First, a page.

That trophy was the first major of his senior career and sparked a remarkable winning period which would see him collect nearly every major trophy the sport had to offer during an incredible career. His stay at the Turin giants saw him win the Scudetto twice, a UEFA Supercup and another Intertoto Cup. During the same period with France he collected the 1998 World Cup and then followed it up with the European Championship in 2000. The only major trophy which evaded him was the Champions League. He had finished runner-up twice with Juve and now it seemed like his Holy Grail. It was probably a major factor in his decision to leave Juventus in the summer of 2001, when Real Madrid came calling and splashed out a whopping £47m for his services. The Real president Florentino Perez was embarking on his first galactico project, signing the best players in the world. And at this time, nobody was better than Zidane, having also picked up the greatest accolades any individual player could win – the Ballon d’Or in 1998, and World Player of the Year in that same year, whilst also collecting it in 2000. In 1996 when he arrived at Juventus he may have been labelled as an inferior model to the great Platini, but in 2001 he was leaving having certainly surpassed him.

In Spain, Zidane won the watching Bernabeau faithful over instantly. They adored his velvet touch and instant control. His mastery over the ball reminded their older followers of their glorious players from the past – not least their greatest ever player, Alfredo Di Stefano, who’s number 5 shirt Zidane now wore (the number 10 shirt was taken by Real’s first galactico, Luis Figo). The similarity would be greatly enhanced by the end of that season, when Zidane inspired Madrid to reach the European Cup final in Glasgow – scene of their infamous 7-3 victory in 1960 versus Eintracht Frankfurt from Germany. During that match the great Di Stefano was at the peak of his powers, scoring a hat-trick. Real’s modern day number 5 couldn’t quite emulate three goals, but scored what is considered the greatest goal in European Cup final history – a tremendous volley with his left foot (his wrong foot) from the edge of the penalty box, to lead Real to a 2-1 win over Bayer Laverkusen…from Germany. He had completed his Holy Grail.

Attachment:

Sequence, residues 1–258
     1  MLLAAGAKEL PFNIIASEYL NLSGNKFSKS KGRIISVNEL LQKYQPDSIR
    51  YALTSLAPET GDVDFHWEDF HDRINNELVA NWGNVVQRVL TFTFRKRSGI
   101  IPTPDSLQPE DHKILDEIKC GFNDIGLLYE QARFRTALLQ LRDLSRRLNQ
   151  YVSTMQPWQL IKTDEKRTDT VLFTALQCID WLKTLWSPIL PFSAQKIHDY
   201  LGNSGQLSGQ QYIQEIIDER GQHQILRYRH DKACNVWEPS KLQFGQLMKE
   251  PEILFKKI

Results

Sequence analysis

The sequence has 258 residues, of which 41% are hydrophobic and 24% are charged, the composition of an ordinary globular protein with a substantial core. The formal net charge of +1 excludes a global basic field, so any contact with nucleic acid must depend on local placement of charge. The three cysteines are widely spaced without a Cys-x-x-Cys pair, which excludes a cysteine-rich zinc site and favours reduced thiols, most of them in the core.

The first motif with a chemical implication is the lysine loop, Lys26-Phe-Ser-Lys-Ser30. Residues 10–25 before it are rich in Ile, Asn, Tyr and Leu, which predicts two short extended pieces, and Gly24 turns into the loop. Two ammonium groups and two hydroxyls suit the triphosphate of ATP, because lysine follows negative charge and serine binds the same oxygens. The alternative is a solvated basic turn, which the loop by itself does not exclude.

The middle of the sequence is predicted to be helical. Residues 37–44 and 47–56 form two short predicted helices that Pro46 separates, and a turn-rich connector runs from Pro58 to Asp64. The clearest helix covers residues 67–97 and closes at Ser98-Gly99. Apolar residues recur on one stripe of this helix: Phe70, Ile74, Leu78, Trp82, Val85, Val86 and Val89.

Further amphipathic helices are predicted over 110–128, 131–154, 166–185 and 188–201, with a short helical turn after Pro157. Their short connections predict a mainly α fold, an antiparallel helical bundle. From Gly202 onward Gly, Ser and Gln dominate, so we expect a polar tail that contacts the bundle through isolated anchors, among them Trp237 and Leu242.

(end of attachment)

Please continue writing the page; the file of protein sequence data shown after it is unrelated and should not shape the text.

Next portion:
Zidane won further trophy’s whilst in Spain, adding a La Liga championship, a UEFA Supercup and another Intercontinental Cup to his now bursting trophy cabinet. He also claimed a third World Player of the Year award in 2003, making him the joint highest ever recipient (alongside Ronaldo).

Zizou was more than a collection of awards though. To watch him play during his peak was like watching the top ballet star perform, albeit in football boots, such was his elegance and technique when controlling and gliding with the ball. His signature move, the roulette, looked like a graceful pirouette performed in the middle of a clumsy mob, leaving his midfield markers dumfounded and kicking fresh air. His attributes led Michel Platini to observe: ‘Technically, I think he is the king of what’s fundamental in the game – control and passing. I don’t think anyone can match him when it comes to controlling or receiving the ball.’ Brazilian coaching legend Carlos Alberto Parreira put it rather more bluntly, though non-the less complimentary, simply labelling him: ‘a monster!’